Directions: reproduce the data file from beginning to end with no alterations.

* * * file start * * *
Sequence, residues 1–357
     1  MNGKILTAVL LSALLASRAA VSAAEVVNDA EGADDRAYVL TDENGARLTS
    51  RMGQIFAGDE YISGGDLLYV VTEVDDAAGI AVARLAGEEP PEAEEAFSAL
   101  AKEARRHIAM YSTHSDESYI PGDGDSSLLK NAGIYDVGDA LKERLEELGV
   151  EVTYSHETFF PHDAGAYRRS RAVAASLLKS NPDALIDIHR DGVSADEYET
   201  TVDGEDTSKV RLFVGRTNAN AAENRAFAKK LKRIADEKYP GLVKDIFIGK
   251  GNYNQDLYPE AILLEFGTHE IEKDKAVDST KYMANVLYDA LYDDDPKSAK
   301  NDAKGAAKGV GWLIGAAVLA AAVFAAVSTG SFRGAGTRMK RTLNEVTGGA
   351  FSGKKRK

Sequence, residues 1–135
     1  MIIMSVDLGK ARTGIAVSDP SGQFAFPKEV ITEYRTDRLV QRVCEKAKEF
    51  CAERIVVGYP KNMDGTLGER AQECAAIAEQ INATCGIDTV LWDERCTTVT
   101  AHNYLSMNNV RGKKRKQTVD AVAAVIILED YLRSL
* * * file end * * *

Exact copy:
Sequence, residues 1–357
     1  MNGKILTAVL LSALLASRAA VSAAEVVNDA EGADDRAYVL TDENGARLTS
    51  RMGQIFAGDE YISGGDLLYV VTEVDDAAGI AVARLAGEEP PEAEEAFSAL
   101  AKEARRHIAM YSTHSDESYI PGDGDSSLLK NAGIYDVGDA LKERLEELGV
   151  EVTYSHETFF PHDAGAYRRS RAVAASLLKS NPDALIDIHR DGVSADEYET
   201  TVDGEDTSKV RLFVGRTNAN AAENRAFAKK LKRIADEKYP GLVKDIFIGK
   251  GNYNQDLYPE AILLEFGTHE IEKDKAVDST KYMANVLYDA LYDDDPKSAK
   301  NDAKGAAKGV GWLIGAAVLA AAVFAAVSTG SFRGAGTRMK RTLNEVTGGA
   351  FSGKKRK

Sequence, residues 1–135
     1  MIIMSVDLGK ARTGIAVSDP SGQFAFPKEV ITEYRTDRLV QRVCEKAKEF
    51  CAERIVVGYP KNMDGTLGER AQECAAIAEQ INATCGIDTV LWDERCTTVT
   101  AHNYLSMNNV RGKKRKQTVD AVAAVIILED YLRSL